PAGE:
Qualicum Beach town councillor won’t recuse himself from vote

Dave Willie calls the conflict-of-interest allegations against him 'absolutely ridiculous'

Councillor Dave Willie did not recuse himself from a vote on Monday night, despite being accused of being in a conflict-of-interest on the matter by a local couple.

At the last Qualicum Beach council meeting in August, Fox and Deb McKinley e-mailed a package to Willie and others at council, minutes before the meeting started, suggesting that Willie was in direct conflict because his company had and continues to have business dealings with Pheasant Glen Golf Course. The suggestion was that if Pheasant Glen is able to proceed with development plans for housing, a new clubhouse and event pavilion, Willie’s pecuniary interests are likely to increase.

Last week, Pheasant Glen owner Craig Dutton sent The NEWS a letter to the editor publicly asking Willie to recuse himself from voting on the golf course’s development application and anything else that may directly benefit Pheasant Glen. Dutton stated this was not because he believed Willie was in a conflict but because the company didn’t want to be drawn into years of debate and legal process.

At Monday’s meeting, Willie responded to the document sent by the McKinleys, saying it was “without any basis of fact.” Willie said Monday night that one of the document’s allegations about a tent being sold to Pheasant Glen by his company was not sold by him to Pheasant Glen, but by a competitor.

“I’d like to point out that the McKinleys certainly went through the list of contributors to my campaign (in their report). They did forget one — a very active member of my campaign — and that was Fox and Deb McKinley themselves.”

Willie said the previous council in 2004 actually approved developing Pheasant Glen, including approving services like sewer and water.

“They made the decision for that development, you can sneer all you like, but they made the decision for that development — it was approved for 160 units to be built on that property.”

Willie concluded that he is in no more conflict now than other councillors might have been when they voted in favour of the 2004 version of the project.

“To (infer) because something grows or you put something out there, that there’s a potential that . . .  I might be able to rent an extra cup or saucer, is absolutely ridiculous,” Willie said. “So on that end, I won’t be recusing myself from this vote on the table.”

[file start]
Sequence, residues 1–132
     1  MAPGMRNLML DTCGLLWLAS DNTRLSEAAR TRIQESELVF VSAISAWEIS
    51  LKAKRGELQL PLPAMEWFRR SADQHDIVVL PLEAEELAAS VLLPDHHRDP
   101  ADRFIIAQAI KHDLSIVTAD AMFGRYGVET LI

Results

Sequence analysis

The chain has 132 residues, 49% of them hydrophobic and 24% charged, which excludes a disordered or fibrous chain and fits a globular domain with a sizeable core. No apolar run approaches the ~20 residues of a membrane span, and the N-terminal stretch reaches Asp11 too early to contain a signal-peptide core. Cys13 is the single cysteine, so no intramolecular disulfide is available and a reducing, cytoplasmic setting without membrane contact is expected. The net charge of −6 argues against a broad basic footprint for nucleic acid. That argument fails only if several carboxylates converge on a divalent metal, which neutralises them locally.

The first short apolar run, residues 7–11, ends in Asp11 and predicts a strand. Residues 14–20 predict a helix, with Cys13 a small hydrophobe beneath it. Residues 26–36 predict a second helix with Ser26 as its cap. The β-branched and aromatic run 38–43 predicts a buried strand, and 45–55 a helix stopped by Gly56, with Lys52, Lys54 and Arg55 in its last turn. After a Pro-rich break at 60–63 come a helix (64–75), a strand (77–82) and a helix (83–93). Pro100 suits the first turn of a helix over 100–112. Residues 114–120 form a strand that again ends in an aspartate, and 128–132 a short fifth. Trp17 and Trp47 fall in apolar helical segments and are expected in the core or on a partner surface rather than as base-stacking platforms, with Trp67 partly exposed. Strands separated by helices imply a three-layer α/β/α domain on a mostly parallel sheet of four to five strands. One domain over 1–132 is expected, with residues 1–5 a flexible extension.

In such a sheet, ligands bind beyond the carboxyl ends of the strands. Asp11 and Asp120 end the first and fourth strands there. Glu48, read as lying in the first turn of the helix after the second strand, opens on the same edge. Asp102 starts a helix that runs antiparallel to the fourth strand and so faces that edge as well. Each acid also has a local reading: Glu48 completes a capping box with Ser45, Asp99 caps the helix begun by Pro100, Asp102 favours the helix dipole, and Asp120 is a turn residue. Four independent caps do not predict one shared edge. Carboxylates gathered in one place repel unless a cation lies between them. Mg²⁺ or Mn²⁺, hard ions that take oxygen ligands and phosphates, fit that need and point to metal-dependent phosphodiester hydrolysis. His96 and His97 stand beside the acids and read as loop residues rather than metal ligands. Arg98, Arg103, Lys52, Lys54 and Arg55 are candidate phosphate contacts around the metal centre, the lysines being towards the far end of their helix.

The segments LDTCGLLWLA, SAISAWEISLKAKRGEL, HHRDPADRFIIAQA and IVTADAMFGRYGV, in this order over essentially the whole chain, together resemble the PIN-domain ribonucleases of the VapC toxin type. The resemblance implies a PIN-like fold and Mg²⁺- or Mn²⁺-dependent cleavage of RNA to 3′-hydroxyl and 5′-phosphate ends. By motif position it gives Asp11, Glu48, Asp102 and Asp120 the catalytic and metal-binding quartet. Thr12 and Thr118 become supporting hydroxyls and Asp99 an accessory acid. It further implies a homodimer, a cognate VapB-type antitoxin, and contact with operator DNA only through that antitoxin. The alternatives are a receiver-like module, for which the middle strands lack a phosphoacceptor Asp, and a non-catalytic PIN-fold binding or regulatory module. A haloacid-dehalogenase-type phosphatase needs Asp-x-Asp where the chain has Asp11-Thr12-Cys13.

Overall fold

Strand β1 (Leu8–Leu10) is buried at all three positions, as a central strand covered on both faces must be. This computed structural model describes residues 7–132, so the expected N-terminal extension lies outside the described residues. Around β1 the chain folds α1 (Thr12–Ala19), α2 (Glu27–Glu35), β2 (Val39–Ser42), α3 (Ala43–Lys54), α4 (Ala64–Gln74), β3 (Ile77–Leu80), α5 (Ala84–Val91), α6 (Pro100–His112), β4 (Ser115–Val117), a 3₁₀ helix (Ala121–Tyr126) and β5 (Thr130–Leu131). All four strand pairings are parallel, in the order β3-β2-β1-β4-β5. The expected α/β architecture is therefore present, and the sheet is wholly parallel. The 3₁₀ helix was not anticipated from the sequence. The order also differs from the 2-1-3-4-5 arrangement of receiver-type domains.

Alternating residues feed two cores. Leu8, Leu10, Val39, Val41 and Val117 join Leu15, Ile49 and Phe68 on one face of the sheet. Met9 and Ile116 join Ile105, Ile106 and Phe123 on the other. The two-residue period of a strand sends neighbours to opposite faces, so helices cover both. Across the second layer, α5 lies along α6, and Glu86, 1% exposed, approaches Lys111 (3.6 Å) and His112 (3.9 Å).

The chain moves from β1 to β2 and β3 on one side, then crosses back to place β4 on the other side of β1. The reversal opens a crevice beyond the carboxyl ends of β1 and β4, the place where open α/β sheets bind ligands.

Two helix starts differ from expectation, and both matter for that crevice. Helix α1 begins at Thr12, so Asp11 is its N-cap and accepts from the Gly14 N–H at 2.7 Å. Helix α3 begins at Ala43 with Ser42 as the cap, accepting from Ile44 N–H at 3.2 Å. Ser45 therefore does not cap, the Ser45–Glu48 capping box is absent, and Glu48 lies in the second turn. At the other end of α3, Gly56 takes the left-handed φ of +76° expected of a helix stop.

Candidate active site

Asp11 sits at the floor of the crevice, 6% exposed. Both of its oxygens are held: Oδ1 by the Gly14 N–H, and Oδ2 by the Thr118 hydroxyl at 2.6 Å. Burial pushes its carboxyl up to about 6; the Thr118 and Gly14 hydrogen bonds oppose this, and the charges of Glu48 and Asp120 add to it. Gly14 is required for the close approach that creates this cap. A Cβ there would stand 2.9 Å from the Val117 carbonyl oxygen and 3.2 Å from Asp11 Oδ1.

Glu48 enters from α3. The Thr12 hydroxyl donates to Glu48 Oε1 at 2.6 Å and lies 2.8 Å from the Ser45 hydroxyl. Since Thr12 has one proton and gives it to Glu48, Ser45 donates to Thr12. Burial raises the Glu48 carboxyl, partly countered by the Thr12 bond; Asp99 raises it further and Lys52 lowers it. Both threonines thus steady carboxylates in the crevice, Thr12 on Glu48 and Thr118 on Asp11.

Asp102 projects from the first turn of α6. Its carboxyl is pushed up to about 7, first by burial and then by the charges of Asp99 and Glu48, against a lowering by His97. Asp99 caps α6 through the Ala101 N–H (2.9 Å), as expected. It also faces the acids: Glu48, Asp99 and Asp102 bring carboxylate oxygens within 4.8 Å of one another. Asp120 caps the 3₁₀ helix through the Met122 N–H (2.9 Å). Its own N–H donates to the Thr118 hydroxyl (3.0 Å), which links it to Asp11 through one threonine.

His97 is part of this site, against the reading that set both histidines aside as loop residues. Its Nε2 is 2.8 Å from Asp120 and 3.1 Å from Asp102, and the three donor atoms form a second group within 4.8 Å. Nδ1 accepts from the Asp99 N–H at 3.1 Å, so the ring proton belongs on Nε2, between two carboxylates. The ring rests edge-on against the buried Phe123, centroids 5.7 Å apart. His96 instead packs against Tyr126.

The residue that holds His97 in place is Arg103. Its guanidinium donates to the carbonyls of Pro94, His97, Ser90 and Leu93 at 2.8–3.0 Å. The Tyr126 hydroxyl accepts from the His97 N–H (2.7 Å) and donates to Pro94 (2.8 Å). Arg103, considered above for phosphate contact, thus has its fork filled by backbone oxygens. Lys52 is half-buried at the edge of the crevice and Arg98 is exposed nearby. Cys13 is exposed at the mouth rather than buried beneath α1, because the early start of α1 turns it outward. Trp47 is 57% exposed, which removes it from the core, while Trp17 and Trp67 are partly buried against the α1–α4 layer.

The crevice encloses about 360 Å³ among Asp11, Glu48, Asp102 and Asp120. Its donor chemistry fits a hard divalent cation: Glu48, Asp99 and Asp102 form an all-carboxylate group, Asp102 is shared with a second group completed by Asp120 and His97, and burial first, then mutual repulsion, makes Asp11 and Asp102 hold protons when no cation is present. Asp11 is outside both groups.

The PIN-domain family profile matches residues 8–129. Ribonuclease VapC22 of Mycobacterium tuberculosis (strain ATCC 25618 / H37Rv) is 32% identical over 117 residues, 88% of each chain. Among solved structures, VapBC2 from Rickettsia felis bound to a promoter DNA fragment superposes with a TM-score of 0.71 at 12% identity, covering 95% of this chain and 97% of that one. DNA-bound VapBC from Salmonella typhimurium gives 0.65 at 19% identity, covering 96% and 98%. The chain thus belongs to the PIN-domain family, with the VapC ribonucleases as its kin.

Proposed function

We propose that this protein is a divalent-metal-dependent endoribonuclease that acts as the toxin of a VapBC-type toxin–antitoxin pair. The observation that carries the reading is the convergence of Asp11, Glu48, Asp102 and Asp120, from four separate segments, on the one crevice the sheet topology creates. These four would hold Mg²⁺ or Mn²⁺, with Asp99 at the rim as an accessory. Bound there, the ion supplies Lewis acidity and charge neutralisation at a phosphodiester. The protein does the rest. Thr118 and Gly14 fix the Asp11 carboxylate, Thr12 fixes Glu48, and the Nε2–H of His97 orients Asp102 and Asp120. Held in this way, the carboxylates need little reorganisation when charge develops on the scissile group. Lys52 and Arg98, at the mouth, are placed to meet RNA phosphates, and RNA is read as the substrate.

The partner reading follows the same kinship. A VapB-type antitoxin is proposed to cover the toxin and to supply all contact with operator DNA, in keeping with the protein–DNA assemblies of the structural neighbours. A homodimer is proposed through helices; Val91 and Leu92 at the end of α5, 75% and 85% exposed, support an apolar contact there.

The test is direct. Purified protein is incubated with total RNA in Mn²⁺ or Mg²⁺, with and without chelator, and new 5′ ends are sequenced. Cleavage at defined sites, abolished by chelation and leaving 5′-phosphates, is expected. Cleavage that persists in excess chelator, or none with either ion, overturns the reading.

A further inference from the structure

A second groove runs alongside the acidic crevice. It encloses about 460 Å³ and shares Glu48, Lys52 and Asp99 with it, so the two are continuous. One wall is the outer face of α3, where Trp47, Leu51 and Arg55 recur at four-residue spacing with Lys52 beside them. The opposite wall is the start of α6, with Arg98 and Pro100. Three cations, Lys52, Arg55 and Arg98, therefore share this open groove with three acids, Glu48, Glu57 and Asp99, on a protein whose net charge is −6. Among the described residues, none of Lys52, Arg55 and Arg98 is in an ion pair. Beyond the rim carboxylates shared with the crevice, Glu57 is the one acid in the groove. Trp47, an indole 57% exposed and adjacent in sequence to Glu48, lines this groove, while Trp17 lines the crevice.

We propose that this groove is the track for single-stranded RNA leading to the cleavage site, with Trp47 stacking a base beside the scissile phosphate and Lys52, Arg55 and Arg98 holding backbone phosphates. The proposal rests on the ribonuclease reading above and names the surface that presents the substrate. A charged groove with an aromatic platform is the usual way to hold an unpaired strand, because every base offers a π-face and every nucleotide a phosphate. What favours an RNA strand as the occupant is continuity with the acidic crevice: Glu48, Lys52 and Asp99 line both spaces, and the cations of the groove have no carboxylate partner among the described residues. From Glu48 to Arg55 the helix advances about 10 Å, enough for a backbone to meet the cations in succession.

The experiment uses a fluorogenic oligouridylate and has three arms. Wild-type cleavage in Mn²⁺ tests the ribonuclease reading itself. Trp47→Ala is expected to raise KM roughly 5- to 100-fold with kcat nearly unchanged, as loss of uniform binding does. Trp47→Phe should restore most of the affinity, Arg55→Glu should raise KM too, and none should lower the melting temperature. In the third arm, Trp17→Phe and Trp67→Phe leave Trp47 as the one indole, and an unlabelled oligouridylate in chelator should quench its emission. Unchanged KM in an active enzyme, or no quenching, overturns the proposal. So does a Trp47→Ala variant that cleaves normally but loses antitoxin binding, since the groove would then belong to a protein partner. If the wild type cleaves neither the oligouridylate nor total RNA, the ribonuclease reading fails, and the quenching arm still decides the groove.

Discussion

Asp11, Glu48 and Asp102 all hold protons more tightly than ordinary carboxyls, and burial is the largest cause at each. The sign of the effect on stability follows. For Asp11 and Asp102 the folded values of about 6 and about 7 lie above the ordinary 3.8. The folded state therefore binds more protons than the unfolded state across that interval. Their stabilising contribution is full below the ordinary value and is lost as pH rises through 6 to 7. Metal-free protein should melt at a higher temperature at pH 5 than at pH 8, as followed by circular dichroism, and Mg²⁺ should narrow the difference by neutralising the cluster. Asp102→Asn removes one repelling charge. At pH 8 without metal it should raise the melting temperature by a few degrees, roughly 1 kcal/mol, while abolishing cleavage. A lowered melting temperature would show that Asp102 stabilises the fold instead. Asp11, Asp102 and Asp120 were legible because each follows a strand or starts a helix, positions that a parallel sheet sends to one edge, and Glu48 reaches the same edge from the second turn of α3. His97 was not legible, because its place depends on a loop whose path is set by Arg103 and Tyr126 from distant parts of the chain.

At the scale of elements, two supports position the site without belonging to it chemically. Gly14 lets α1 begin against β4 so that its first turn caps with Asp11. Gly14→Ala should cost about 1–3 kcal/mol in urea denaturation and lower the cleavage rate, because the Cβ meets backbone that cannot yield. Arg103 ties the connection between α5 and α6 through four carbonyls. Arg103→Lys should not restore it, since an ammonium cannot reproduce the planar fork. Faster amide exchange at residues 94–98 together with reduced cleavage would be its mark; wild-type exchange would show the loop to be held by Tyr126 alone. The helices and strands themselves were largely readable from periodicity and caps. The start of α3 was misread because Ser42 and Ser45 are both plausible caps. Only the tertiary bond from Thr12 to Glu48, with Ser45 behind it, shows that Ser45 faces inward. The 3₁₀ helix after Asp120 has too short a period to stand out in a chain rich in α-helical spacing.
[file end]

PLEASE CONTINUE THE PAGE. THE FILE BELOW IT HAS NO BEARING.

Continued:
As for the motion on the table, regarding extending the Growth Containment Boundary, new CAO Daniel Sailland recommended council direct staff to prepare options for a local area planning process for South Qualicum Beach.

“That way we can talk about that specific area away from one specific project and really look at this in a holistic way,” he said, adding that the public can then bring in comments and staff can share information.

The motion passed unanimously.

Just Posted

2019 FEDERAL ELECTION: Meet the candidates for the Courtenay-Alberni riding

In an effort to inform the Courtenay-Alberni riding constituents, we have supplied… Continue reading

Andrew Scheer makes campaign stop in Parksville

Federal Conservative leader talks tax cuts, environment

Ballenas Whalers high school football squads take down Belmont

Parksville teams score back-to-back shutout wins over Bulldogs

Qualicum Beach goalie at training camp with Montreal Canadiens

LaCouvee angling for spot with AHL Laval squad

VIDEO: Vancouver Island mayor details emergency response after fatal bus crash

Sharie Minions says she is ‘appalled’ by condition of road where bus crashed

Federal party leaders address gun violence after weekend shooting near Toronto

One teen was killed and five people injured in the shooting

Scheer makes quick campaign stop in Comox

Conservative leader highlights tax promises early in campaign

Conservatives promise tax cut that they say will address Liberal increases

Scheer says the cut would apply to the lowest income bracket

B.C. VIEWS: Cutting wood waste produces some bleeding

Value-added industry slowly grows as big sawmills close

Fewer trees, higher costs blamed for devastating downturn in B.C. forestry

Some say the high cost of logs is the major cause of the industry’s decline in B.C.

Federal food safety watchdog says batch of baby formula recalled

The agency says it’s conducting a food safety investigation

UVic president offers condolences after two students killed in bus crash

‘We also grieve with those closest to these members of our campus community,’ Cassels says

Most Read